This is a deciduous tree, which grows up to 17m tall. It is a fast growing, deciduous, drought and frost resistant tree. The bark is rough and is dark grey to brown in colour. The flowers are silvery green in colour, found in dense bunches amongst the leaves.
Flowers can be found from October to April, with fruit being found from February to August. The thorns are found in pairs on the branches, one thorn being straight with one hooked. In certain cases adult trees may loose their thorns completely.
The flowers attract a lot of insects, they also attract birds which eat the large red berries it produces. It makes a good perimeter barrier as its thorns are rather profuse when young and difficult to untangle because one points forward while the other points backward. They have shiny light green leaves hence the Afrikaans common name Blinkblaar.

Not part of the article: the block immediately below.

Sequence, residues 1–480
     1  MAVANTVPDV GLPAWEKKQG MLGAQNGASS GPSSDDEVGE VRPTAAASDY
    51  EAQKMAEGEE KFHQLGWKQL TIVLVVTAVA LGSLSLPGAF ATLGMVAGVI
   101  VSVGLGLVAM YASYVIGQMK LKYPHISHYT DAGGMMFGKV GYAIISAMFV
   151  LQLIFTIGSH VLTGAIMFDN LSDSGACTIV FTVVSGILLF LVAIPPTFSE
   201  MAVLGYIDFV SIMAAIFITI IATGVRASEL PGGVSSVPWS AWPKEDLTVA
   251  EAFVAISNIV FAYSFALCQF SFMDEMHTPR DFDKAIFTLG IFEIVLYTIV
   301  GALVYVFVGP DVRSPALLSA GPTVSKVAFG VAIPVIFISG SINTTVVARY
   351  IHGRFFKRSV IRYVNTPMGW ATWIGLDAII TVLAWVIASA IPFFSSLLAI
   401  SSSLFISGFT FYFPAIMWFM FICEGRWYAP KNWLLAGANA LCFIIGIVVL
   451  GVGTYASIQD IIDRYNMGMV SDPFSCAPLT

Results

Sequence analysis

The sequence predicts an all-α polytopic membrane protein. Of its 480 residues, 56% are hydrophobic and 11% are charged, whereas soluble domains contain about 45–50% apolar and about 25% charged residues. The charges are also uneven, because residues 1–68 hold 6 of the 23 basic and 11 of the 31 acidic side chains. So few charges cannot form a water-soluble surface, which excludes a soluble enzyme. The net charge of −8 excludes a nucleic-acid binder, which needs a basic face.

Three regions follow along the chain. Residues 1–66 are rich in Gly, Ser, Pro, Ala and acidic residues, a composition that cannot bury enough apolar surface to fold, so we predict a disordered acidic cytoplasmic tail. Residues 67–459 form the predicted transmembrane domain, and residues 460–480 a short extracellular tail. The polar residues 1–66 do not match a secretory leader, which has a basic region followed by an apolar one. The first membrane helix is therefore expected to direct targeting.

Branches are used for protection of cattle kraal and sometimes on the graves of dead tribal members. The wood is used for implements and fuel. The leaves bark and roots are used medicinally and magically for pain relief to respiratory complaints and skin infections, especially for chest and stomach disorders.
The leaves if crushed may be used to stop bleeding. Certain tribes believe the tree is safe to use as a shelter against lightning.
The tree is also known as the Blinkblaar Wag-'n-bietjie which means the shiny-leafed wait-a-while and refers to the trees hooked thorns that are difficult to get free from when caught. The Buffalo Thorn also plays a huge role in the beliefs of the people of Africa with the Zulu people using a branch to carry the spirit of a deceased person from his place of death to his burial site.
When travelling in a vehicle the branch is placed on its own seat for the duration of the journey. In Botswana it is believed that the tree will protect a person from lightning.
Buffalo Thorn are found in sub-Saharan Africa, extending from South Africa northwards to Ethiopia and Arabia.